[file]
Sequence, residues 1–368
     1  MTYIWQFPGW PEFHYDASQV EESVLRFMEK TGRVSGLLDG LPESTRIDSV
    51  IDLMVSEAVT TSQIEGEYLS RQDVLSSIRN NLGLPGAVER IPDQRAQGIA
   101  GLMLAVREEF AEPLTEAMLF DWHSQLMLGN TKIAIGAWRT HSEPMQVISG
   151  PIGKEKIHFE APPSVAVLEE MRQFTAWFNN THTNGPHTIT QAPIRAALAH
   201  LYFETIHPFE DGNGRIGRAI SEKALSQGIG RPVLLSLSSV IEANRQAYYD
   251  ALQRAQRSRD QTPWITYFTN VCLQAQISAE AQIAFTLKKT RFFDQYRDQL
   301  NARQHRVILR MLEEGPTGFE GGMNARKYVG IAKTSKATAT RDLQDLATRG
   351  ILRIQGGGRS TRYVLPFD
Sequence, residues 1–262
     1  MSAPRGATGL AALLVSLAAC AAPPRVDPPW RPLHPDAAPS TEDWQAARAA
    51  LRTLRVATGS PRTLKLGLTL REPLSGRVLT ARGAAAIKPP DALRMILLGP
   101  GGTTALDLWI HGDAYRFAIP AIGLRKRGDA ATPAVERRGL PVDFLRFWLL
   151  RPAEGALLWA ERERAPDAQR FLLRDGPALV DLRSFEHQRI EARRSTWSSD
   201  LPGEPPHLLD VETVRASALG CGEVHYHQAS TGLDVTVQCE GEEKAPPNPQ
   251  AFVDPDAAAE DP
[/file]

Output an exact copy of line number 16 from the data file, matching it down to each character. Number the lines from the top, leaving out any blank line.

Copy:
   251  AFVDPDAAAE DP